Pricey designer kids' clothes are ridiculous for many obvious reasons (who would spend more than $1,000 on something that might get pooped on, or worse?), but it's a rapidly growing industry regardless. According to today's Times, last year Burberry sold $91 million in children's clothing, up 23 percent from the previous year; meanwhile, lots of luxury brands like Oscar de la Renta, Lanvin, and Fendi have recently launched kids' lines.
Mini versions of anything — shoes, clothes, dogs, purses, furniture — are always irresistible, so it makes sense that people with money to burn would want baby-sized duplicates of their own designer clothing. But according to the Times, a lot of these pieces aren't even made very well. According to children's wear designer Rachel Riley, “Some of their fabrics are mediocre," and the clothes aren't tailored properly for kids' proportions. Also, is it even ethical to treat a child like a designer doll? The Times reports:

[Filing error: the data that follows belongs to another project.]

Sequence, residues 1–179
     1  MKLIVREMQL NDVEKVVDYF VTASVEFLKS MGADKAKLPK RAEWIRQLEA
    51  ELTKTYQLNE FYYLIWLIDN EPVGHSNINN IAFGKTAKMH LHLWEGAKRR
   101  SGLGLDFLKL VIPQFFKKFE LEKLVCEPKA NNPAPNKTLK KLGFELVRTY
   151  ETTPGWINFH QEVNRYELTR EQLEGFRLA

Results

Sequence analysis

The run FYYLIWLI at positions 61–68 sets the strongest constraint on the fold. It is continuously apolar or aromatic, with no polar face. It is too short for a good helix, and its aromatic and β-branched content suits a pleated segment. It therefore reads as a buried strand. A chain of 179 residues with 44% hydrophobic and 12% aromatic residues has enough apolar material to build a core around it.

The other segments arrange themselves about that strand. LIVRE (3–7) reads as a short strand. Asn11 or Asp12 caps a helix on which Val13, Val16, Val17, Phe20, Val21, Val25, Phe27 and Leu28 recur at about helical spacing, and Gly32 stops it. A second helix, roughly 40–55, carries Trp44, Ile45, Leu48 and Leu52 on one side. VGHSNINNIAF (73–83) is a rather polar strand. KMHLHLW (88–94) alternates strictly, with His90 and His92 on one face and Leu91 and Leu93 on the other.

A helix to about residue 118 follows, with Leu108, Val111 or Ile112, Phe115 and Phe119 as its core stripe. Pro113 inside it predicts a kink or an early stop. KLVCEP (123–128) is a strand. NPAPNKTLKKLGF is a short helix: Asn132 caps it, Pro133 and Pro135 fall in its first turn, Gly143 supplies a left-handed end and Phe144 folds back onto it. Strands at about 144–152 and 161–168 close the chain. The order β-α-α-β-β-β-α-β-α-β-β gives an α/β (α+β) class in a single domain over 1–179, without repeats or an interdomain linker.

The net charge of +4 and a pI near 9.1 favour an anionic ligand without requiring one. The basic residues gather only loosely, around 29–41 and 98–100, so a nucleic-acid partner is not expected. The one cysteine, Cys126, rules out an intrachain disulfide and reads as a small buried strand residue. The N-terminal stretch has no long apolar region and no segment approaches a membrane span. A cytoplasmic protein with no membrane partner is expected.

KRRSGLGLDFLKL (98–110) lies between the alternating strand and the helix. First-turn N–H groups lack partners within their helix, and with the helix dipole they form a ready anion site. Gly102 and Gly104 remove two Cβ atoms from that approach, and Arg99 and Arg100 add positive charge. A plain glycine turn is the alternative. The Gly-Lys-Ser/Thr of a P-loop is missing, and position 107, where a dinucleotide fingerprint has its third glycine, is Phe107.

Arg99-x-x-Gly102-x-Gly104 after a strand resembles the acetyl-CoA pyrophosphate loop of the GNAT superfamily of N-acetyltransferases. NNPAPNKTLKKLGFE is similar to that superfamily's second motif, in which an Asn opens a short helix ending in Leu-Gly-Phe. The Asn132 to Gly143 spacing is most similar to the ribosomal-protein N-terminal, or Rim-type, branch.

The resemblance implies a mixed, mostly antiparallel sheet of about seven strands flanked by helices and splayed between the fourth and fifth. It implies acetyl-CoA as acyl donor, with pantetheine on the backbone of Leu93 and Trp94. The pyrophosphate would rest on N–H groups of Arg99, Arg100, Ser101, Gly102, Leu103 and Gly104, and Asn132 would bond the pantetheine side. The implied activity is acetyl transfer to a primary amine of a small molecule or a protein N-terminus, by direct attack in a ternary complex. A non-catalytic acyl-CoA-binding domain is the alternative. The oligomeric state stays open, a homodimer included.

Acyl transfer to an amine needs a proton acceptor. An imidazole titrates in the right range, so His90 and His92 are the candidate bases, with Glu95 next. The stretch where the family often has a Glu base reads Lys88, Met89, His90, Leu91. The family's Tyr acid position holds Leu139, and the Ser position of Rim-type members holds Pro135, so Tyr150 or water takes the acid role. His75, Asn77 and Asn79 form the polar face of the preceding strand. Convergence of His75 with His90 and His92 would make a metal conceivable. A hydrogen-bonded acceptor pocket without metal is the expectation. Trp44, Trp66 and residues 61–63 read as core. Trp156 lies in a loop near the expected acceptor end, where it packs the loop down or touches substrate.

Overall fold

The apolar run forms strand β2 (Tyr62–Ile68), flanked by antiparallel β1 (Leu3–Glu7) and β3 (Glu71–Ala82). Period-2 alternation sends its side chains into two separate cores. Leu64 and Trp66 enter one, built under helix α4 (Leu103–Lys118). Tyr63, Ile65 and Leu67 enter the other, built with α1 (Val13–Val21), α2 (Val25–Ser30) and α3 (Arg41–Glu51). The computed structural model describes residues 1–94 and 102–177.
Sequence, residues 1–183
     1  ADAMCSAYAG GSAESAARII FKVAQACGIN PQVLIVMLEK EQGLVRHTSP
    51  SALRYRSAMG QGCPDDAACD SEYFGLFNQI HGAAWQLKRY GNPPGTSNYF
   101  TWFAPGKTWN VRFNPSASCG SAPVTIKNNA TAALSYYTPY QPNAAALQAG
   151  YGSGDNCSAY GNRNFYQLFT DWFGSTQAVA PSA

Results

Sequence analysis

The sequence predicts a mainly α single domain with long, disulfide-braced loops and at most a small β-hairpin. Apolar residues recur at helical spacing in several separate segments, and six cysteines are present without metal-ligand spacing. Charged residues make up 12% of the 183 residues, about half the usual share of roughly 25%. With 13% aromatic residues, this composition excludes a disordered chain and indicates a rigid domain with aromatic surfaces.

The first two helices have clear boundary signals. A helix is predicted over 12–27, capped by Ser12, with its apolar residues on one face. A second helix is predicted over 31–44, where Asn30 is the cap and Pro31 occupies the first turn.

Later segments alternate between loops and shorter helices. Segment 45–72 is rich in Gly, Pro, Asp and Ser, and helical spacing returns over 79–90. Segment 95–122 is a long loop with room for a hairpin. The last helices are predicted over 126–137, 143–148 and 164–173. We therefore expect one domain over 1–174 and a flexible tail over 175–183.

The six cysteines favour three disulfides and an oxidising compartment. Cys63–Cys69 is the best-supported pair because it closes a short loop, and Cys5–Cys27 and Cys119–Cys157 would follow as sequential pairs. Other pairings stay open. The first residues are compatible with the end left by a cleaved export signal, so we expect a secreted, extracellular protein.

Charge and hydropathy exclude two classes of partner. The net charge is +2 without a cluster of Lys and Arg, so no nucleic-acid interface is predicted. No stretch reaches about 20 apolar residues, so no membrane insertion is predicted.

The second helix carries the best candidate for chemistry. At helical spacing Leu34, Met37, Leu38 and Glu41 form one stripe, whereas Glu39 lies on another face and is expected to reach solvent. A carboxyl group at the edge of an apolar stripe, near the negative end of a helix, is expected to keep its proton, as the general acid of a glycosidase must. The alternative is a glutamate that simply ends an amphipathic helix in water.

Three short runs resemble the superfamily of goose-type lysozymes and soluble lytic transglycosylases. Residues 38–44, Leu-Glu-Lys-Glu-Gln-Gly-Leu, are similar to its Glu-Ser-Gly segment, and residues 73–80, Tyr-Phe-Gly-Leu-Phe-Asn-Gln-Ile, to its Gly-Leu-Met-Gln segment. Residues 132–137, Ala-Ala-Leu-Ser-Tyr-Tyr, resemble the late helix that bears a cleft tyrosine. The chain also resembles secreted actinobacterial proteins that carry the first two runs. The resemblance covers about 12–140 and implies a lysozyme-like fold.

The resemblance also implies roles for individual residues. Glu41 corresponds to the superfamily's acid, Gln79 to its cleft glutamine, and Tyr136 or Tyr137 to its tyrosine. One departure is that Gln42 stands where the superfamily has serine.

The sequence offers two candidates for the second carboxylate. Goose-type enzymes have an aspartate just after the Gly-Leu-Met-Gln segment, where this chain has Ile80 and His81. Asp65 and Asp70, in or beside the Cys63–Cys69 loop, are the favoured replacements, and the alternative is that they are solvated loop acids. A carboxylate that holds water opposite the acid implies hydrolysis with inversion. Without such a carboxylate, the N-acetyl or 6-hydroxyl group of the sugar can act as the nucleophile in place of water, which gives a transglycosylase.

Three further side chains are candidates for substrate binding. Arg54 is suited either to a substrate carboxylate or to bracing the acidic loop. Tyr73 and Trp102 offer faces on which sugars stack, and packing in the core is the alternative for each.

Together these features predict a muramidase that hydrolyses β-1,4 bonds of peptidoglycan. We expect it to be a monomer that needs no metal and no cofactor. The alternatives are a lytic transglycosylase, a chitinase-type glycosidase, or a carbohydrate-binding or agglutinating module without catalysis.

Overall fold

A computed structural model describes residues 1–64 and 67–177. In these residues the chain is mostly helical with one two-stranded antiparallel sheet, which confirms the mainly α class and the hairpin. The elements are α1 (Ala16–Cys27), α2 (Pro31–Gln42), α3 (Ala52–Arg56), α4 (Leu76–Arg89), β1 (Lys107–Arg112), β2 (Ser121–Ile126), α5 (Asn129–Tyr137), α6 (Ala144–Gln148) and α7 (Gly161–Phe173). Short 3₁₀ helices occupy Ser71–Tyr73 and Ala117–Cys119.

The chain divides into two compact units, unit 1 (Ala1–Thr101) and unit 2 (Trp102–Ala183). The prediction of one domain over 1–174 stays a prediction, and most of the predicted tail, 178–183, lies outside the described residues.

[Riley] remains fixed in her view that children should be children and not little brand ambassadors or, in the current parlance, “prostitots.” She said: “I can’t bear advertising on children. And why would a child need to have anything remotely sexy? To me, it’s unethical.”
If it's any comfort, the clothes will probably get too small or covered in ketchup before they can do much harm.